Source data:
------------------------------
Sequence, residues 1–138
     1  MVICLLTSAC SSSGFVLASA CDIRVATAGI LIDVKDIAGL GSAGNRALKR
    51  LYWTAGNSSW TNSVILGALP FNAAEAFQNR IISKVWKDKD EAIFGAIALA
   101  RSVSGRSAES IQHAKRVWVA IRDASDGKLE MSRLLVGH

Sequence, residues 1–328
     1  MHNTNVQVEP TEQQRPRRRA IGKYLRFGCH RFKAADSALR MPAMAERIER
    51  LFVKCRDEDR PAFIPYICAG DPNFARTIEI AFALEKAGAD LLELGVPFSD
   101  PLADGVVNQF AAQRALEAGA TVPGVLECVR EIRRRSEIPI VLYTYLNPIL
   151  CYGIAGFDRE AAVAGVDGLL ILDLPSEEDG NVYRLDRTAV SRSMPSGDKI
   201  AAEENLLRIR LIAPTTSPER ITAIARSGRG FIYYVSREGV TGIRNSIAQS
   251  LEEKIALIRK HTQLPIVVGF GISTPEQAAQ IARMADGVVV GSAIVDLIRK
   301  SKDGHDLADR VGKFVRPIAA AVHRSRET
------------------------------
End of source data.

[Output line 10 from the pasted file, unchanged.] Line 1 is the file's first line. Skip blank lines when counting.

   201  AAEENLLRIR LIAPTTSPER ITAIARSGRG FIYYVSREGV TGIRNSIAQS